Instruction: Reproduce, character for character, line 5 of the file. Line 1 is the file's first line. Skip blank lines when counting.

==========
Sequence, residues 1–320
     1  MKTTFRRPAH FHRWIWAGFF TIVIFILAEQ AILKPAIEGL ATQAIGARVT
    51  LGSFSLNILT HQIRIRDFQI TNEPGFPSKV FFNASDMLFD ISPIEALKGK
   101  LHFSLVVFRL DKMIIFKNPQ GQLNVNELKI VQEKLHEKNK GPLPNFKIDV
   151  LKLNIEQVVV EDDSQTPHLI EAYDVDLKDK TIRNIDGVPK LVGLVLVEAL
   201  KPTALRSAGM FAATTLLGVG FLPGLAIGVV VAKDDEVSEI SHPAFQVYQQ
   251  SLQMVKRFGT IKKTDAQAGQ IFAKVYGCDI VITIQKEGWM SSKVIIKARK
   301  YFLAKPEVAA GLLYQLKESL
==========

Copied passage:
   151  LKLNIEQVVV EDDSQTPHLI EAYDVDLKDK TIRNIDGVPK LVGLVLVEAL